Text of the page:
The important thing here is that you don’t have to provide a salt value or a cost parameter. The new API will take care of all of that for you. And the salt is part of the hash, so you don’t have to store it separately. If you want to provide your own salt (or cost), you can do so by passing a third argument to the function, an array of options.

[code_highlight lang=”php”]$options = [
‘salt’ => custom_function_for_salt(), //write your own code to generate a suitable salt
‘cost’ => 12 // the default cost is 10
];
$hash = password_hash($password, PASSWORD_DEFAULT, $options);[/code_highlight]

In this way, you are always up-to-date with new security measures. If PHP later decides to implement a more powerful hashing algorithm your code can take advantage of it.

Verifying PHP Hashed Passwords

Now that you have seen how to generate hashes with the new API, let’s see how to verify a password. Remember that you store the hashes in a database, but it’s the plain password that you get when a user logs in.

The password_verify() function takes a plain password and the hashed string as its two arguments. It returns true if the hash matches the specified password. Verifying passwords is just as easy:

[code_highlight lang=”php”]// $password from user, $hash from database
if (password_verify($password, $hash)) {
// password valid!
} else {
// wrong password 🙁
}[/code_highlight]

Just remember that the salt is a part of the hashed password which is why we are not specifying it separately here.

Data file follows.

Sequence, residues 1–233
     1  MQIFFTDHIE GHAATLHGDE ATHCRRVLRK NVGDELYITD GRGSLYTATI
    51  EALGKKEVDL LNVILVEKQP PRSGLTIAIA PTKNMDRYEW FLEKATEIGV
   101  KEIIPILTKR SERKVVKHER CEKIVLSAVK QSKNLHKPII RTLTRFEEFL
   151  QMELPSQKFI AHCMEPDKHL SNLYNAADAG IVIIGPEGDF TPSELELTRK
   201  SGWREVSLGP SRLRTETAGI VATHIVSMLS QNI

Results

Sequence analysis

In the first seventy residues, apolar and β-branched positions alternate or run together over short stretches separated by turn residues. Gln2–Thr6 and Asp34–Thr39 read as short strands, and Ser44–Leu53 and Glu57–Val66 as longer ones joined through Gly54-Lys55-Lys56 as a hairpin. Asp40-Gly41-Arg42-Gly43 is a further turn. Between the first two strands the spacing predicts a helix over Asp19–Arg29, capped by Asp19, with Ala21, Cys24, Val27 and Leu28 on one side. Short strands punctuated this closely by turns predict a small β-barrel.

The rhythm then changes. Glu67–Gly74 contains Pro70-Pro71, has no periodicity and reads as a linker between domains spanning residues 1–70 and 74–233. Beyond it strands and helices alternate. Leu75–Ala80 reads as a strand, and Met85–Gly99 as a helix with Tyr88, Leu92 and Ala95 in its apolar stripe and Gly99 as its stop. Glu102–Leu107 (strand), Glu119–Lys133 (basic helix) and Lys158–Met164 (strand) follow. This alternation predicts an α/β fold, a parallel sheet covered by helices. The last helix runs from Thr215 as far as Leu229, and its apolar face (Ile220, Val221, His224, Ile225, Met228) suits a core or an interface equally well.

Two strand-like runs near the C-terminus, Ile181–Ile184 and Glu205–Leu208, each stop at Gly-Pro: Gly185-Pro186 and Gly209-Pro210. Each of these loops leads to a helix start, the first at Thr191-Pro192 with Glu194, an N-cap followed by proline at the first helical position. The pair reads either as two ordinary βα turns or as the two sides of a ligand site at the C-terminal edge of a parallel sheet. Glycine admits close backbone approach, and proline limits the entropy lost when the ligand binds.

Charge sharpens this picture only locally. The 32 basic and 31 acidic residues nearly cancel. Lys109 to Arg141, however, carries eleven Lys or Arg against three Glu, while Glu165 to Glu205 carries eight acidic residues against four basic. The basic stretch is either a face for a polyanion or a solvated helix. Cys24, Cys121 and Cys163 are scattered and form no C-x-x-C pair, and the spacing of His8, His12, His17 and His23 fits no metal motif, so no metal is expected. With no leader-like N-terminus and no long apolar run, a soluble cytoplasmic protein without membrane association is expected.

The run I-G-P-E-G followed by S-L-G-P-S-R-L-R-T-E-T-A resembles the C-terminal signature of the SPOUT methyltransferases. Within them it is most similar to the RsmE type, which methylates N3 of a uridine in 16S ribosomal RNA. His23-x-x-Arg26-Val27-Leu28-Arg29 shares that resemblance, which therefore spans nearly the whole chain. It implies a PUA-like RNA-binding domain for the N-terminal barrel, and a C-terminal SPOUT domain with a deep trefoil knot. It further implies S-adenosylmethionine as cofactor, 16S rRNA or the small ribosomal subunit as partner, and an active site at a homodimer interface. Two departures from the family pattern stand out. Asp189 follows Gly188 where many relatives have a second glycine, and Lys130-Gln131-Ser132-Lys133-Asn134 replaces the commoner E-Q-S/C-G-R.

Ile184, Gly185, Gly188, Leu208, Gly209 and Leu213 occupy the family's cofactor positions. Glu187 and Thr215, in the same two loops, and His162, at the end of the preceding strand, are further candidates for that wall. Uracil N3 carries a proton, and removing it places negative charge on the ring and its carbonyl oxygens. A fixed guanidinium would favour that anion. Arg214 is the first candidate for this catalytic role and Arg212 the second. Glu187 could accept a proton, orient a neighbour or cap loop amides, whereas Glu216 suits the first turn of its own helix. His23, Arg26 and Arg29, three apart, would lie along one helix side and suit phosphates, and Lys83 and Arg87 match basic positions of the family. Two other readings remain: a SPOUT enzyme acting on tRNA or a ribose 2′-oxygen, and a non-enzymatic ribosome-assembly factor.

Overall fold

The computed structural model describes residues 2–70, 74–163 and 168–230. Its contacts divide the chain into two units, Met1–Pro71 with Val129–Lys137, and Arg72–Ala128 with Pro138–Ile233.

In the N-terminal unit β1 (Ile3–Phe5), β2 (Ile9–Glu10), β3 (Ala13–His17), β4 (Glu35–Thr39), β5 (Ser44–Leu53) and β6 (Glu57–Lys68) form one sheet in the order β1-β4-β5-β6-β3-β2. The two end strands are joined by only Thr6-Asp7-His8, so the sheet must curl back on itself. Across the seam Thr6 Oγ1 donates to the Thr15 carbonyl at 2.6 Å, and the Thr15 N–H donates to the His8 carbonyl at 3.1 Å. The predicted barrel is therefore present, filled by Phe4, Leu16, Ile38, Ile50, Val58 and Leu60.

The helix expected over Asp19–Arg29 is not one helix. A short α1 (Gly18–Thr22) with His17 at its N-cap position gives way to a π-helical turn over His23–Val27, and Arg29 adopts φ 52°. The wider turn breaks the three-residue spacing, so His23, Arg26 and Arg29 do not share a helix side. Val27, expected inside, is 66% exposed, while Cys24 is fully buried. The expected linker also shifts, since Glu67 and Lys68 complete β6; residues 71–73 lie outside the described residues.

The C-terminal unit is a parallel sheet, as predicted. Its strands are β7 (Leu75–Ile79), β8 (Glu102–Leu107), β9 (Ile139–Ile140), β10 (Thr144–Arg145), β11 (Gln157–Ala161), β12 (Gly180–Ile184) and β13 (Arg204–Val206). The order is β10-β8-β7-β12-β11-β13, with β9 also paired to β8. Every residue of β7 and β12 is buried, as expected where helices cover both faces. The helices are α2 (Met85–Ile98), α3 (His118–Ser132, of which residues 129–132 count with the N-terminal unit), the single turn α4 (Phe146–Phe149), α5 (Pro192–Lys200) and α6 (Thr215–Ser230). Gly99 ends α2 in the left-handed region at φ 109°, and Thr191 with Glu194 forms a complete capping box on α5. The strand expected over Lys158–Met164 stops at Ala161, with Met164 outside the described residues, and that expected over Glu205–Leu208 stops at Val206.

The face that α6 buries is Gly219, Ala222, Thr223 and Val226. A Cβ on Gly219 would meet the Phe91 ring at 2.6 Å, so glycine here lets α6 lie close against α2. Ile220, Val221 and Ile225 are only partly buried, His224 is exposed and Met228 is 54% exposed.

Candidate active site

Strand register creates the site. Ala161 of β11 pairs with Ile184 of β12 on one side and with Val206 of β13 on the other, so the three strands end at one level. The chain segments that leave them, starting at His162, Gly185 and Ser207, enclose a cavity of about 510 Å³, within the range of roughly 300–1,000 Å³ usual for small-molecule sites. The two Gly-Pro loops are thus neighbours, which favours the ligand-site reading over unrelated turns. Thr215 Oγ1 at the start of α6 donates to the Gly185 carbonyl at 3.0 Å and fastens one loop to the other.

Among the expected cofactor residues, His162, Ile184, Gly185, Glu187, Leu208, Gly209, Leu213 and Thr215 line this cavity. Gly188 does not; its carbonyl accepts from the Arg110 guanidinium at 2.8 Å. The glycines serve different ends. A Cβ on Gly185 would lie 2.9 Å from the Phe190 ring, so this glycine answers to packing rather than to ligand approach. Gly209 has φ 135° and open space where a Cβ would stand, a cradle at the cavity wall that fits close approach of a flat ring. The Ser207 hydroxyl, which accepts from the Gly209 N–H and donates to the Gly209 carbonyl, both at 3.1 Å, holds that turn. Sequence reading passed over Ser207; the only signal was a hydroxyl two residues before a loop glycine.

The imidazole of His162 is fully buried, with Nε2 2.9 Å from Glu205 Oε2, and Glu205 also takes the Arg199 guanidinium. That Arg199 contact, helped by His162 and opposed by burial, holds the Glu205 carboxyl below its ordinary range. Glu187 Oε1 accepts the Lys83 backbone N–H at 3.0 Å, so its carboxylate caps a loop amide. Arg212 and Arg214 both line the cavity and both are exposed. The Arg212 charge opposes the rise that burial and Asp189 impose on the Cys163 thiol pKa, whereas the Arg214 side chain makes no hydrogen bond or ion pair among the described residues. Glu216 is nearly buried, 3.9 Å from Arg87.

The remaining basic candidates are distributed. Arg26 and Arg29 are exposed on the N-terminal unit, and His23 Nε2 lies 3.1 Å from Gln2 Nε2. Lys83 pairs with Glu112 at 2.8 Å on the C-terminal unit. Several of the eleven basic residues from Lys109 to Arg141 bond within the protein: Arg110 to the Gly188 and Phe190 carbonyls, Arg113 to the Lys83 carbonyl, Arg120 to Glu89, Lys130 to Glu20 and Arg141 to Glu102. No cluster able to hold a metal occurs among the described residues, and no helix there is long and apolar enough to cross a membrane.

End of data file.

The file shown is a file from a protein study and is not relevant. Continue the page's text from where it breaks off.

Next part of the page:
Rehashing PHP Passwords

As time goes by you might want to change the password hashing algorithm or load factor, or PHP may change the defaults to be more secure. In this case new accounts should be created using the new options and existing passwords rehashed on login (you can do this only on login because you need the original password to do a rehash).

Doing this is also very simple:

[code_highlight lang=”php”]function password_verify_with_rehash( $password, $hash ) {
if ( ! password_verify( $password, $hash ) ) {
return false;
}

if ( password_needs_rehash( $hash, PASSWORD_DEFAULT ) ) {
$hash = password_hash( $password, PASSWORD_DEFAULT );

// update hash in database
}

return true;
}[/code_highlight]

The above snippet will keep your hashes up to date with the PHP default. But once again you can also specify custom options, e.g. password_needs_rehash($hash, PASSWORD_BCRYPT, ['cost' => 12']).

Retrieve PHP Hashed Password Info

Use password_get_info() to return an associative array with information about the given hash. When passed in a valid hash created by an algorithm supported by password_hash(), this function will return the following:

  • algo – a constant that identifies a particular algorithm
  • algoName – the name of the algorithm used
  • options – various options used while generating the hash

Compatibility for Older PHP Versions

The new API will only be introduced in PHP 5.5. Those who are using PHP 5.3.7 (or later) can use a library called password_compat which emulates the API and automatically disables itself once the PHP version is upgraded to 5.5.


Conclusion

The PHP password hashing API is definitely easier to work with than fumbling with the crypt() function. If your website is currently running on PHP 5.5, then I strongly recommended that you use the new hashing API. Learn more about the PHP password hashing API:

Facebook SDK PHP v4 & CodeIgniter

Trying to get the latest version of Facebook SDK for PHP (v4) working well with CodeIgniter? Me too! After doing a bunch of digging with a lot of trial and error, I finally figured it out. Learn how to build a library for CodeIgniter that will help bridge the gap between it and the Facebook SDK for PHP.

Trying to get the latest version of Facebook SDK for PHP (v4) working well with CodeIgniter? Me too! After doing a bunch of digging with a lot of trial and error, I finally figured it out. Learn how to build a library for CodeIgniter that will help bridge the gap between it and the Facebook SDK for PHP.